Kept in her place

A rash of stupid remarks from officials about clothes and rape reveal why Indian women are struggling to advance

“I am against women wearing obscene clothes. With such clothes, they tempt men and that’s why they [women] get raped.”

It is bad enough that Indian men – not the most appealing of god’s creatures – in positions of power occasionally make public, sexist statements that demean working women and female students. But when a declaration like that comes from a woman like KK Seethamma, head of a committee set up by Bangalore University to fight sexual harassment, you have to wonder about the kind of thoughts coursing through the mind of emerging India.

Seethamma, in an interview on January 3, said women needed a dress code “for their own good”. The independence of women, she said, had nothing to do with wearing modern clothes. What, according to Seethamma, might keep women safe from rapists and sundry low life? “Only a sari,” she declared, “with long-sleeved blouses invokes respect for women; nothing else.”

Seethamma’s remarks represent the nadir of modern Indian thought and are the latest in a series of offensive, unthinking and plain stupid comments by public officials who, in a right-thinking country, should have been forced out of office. Instead, many Indians, especially men – probably the majority – likely agree with them.

The latest round of absurd comments began in late December when a reporter in Hyderabad asked Andhra Pradesh director general of police V. Dinesh Reddy why the police had failed to stem the rising graph of rape (more than three a day in 2011) and murder. This is what the learned Reddy had to say: “When you are taking (sic) food that gives good josh, [my best translation: playful energy], as time goes by you tend to be more naughty… rapes and all cannot be controlled by the police. Even the villagers from coastal Andhra Pradesh, where it used to be more traditional, are wearing shalwar kameez. All these things provoke these types of things, which is (sic) not in control of the police. So rapes per se, increase or decrease, you cannot attribute [this] to the police.”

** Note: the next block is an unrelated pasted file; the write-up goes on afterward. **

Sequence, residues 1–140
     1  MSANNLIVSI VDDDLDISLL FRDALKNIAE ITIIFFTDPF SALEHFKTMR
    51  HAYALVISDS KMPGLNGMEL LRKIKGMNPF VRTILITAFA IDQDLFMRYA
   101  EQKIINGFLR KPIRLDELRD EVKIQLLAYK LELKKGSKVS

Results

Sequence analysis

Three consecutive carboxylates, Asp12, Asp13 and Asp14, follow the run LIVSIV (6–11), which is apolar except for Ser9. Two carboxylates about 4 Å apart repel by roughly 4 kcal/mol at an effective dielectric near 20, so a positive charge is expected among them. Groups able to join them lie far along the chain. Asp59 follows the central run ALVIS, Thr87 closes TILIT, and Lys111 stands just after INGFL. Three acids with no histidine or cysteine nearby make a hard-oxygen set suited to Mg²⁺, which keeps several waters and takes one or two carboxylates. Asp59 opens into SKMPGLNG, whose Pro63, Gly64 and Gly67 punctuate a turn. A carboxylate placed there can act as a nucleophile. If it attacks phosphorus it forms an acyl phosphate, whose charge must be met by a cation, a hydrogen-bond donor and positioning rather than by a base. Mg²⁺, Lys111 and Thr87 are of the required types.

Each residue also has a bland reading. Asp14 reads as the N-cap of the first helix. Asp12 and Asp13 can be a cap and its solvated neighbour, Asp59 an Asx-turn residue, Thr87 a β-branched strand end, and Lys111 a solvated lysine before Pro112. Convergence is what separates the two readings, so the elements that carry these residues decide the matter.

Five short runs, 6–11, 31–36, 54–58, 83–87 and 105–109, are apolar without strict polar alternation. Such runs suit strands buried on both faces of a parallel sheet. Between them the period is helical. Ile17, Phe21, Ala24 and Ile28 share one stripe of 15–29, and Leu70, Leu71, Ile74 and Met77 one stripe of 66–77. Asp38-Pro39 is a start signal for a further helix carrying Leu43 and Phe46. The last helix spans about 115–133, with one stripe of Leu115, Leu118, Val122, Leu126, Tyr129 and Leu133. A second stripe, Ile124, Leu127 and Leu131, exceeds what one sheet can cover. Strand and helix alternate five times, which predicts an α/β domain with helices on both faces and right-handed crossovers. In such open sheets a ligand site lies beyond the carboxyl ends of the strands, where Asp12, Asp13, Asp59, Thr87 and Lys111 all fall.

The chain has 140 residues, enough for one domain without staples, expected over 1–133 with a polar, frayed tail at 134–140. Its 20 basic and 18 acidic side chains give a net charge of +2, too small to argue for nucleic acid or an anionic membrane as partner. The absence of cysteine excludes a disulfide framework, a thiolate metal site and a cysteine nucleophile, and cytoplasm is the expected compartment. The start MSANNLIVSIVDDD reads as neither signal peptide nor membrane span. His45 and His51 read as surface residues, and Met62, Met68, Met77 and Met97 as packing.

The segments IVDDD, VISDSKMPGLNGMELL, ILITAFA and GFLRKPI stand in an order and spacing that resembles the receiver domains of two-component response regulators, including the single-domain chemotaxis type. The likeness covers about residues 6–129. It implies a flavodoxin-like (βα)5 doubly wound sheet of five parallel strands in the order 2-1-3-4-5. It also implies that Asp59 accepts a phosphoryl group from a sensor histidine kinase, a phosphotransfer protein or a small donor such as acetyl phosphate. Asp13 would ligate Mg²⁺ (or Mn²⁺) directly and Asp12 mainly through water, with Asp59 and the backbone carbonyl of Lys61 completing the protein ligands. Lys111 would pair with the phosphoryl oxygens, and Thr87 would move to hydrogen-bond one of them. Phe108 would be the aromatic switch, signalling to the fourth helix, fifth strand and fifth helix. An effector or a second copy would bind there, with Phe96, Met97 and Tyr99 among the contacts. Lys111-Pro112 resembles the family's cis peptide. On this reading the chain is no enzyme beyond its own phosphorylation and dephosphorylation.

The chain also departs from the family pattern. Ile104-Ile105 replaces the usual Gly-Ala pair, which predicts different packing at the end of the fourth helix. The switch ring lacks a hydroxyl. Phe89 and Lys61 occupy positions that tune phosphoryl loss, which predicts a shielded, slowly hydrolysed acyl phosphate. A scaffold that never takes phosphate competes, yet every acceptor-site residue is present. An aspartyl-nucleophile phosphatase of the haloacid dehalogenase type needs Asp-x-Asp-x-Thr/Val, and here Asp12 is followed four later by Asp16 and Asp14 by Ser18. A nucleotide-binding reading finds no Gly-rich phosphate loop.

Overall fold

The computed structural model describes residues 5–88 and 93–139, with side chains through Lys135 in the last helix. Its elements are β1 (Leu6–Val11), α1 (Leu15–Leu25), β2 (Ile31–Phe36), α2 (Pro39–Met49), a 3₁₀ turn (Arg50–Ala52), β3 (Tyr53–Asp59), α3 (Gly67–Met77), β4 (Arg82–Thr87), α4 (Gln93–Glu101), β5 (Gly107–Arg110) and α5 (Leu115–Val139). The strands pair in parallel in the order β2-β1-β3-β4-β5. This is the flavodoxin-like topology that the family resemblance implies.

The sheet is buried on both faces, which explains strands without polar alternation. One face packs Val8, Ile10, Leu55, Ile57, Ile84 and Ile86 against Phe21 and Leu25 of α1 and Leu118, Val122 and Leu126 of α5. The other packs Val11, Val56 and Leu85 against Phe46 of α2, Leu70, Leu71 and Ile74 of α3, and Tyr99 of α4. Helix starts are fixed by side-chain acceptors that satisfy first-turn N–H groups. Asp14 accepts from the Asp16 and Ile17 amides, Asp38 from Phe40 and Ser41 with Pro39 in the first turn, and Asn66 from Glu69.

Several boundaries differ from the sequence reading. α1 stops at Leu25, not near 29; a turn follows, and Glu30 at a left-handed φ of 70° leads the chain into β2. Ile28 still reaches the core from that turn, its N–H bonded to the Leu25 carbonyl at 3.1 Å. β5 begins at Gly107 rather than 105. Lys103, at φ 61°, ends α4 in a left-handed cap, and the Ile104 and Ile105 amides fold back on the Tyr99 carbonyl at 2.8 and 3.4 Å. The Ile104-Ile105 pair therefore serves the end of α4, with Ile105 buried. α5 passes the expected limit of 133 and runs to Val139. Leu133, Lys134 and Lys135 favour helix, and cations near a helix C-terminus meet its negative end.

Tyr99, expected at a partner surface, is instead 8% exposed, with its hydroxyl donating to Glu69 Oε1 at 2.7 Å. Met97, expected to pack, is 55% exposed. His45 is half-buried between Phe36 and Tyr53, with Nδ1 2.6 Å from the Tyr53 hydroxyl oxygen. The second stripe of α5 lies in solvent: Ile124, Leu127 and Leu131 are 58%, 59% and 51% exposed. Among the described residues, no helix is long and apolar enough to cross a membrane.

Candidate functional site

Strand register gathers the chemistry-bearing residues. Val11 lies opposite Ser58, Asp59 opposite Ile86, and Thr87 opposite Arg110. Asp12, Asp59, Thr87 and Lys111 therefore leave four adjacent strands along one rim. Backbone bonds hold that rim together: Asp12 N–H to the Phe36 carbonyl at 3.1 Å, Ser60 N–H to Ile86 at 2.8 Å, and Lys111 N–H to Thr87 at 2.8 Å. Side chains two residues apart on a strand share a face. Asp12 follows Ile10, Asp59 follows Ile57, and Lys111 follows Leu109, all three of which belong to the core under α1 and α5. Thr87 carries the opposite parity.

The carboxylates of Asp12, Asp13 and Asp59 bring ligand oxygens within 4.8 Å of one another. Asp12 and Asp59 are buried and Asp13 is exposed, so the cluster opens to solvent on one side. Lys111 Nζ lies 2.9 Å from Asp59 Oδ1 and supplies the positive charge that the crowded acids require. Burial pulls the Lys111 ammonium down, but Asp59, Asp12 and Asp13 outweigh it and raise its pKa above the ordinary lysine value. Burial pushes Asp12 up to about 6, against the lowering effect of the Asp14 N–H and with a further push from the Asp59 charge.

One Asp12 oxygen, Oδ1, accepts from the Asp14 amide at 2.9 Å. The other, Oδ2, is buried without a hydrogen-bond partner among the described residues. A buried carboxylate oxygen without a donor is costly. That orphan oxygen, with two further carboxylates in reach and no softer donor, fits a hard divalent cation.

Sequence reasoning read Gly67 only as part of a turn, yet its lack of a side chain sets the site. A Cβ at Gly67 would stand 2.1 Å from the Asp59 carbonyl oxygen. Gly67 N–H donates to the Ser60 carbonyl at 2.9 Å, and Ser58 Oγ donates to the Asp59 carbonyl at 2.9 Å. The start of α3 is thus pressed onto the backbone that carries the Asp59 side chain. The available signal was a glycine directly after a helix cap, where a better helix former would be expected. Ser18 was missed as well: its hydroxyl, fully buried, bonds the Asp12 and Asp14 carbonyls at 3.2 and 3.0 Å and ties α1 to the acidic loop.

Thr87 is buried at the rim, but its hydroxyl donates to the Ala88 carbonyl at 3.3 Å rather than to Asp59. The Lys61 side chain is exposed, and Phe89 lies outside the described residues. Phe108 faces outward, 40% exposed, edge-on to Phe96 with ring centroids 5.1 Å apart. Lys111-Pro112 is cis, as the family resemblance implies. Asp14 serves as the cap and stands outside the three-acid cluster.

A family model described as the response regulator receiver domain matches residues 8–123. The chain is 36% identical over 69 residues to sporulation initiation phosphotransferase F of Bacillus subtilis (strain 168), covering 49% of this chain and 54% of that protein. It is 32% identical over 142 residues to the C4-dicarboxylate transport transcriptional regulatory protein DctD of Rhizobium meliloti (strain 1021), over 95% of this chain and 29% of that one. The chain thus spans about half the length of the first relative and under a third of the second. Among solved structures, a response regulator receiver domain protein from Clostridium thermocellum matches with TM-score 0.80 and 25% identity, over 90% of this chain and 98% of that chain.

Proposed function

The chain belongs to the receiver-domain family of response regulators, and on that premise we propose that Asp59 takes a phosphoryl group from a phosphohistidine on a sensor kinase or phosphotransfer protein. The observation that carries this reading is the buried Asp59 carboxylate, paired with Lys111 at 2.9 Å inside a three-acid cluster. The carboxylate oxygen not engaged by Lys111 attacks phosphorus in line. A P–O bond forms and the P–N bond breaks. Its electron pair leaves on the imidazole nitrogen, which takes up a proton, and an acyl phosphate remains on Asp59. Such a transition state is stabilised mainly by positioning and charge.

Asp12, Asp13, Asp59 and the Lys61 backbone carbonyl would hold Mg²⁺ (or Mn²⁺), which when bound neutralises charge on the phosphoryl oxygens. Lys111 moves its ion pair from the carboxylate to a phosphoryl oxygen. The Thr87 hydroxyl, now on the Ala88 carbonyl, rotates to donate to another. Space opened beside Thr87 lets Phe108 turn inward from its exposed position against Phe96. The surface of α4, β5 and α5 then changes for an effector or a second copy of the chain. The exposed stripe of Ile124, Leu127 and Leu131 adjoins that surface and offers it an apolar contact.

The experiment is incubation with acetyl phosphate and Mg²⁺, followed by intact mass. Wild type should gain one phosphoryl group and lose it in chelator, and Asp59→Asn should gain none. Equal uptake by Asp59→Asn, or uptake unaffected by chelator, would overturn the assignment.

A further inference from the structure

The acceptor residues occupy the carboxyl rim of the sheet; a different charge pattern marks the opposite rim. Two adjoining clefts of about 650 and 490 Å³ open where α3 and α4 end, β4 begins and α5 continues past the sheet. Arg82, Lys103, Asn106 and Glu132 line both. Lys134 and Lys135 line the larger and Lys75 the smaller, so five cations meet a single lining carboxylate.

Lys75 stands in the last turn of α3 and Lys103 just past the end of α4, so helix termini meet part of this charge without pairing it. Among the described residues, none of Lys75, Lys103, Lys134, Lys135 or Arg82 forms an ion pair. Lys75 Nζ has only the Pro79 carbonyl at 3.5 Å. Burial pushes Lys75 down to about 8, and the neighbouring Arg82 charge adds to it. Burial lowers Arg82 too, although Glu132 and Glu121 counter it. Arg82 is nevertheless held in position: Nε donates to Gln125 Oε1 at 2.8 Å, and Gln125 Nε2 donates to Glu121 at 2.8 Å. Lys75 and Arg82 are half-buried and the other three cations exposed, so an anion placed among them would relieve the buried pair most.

I’m sorry, perhaps I missed something: Why is this man still the state’s police chief?

The only official rebuke, a mild one, came from home minister P. Chidambaram who “strongly disagreed” with Reddy.

Reddy’s office later said his remarks had, of course, been “misinterpreted”. The new statement read: “DGP has said one of the factors is the provoking dress (sic) which is being worn as present-day fashion for which the police has no control.”

So why is he still the police chief? Probably because his position has much support, mostly unstated but ever so often explicitly stated.

Two days later, in the neighbouring state of Karnataka, minister for women and child welfare CC Patil said he “personally” did not favour women wearing “provocative clothes (he did not define them but hinted that low-waist jeans fitted the description)”. Patil observed that women “need to be dignified in whatever they wear” and decide “which dress is safe for them”.


The minister at least recognised that “today’s lifestyle makes it mandatory for women to work like men and live on equal terms with them”.

The empowerment of women is closely related to a country’s economic development. Since it isn’t quite as clear if empowering women benefits development or if development reduces inequality between men and women, gender equality must be pushed for its own sake, argues Massachusetts Institute of Technology economist Esther Duflo in a recent paper.

So it is in India’s best interests to push that equality, treat its women well and fiercely protect their rights in the workplace. This is especially important because Indian women, as a Nielsen survey found last year, are the most stressed in the world. About 87 per cent of Indian women (albeit from a small sample size) said that while much was expected from them at the workplace, unchanging home realities – meaning the Indian male, who still expects his working wife to cook the food, wash the clothes and raise his children – created enormous pressure. It is thus not surprising that in the emerging and developed world, India has one of the smallest percentages of women in the organised sectors (I am not counting the millions who toil at below subsistence wages as maids, bidi rollers and perform other menial jobs).

The recent observations by Messrs Seethamma, Reddy and Patil reveal how officials who should be guarding women’s rights – so they can pursue new destinies and in so doing transform their country – instead occupy their minds with unreal thoughts that only create more stresses in a woman’s already stressed life.

It’s been said before, many times, but in the face of stupidity, I must repeat this: There is no connection, never has been and never will be, between rape and what a woman wears.

Study the meticulous documentation of recent violence against women in India at a website called (run, encouragingly, by a male civil engineer and part-time farmer called Shemeer P. from Palakkad, Kerala) and you will see how clothes play no part in these random, familiar brutalities: A 10-year-old sexually abused by her mother’s boyfriend in Chennai; a nurse whose eyes are gouged out before being raped in Delhi; an 11-year-old abducted and gang-raped by three men in Gajuwaka, coastal Andhra; a six-year-old raped and killed in Mysore by a ‘trusted’ neighbour; a woman out on a family errand abducted and raped in an autorickshaw in Mumbai. 

Only a perverse mind would believe there is a link between what these women and children wore and the atrocities visited on them. Modern India, evidently, has no shortage of such perverse minds.

This article was published in the Hindustan Times on January 5, 2012.

Archived from Communalism Combat, January 2012.Year 18, No.163 – Gender Justice



Related Articles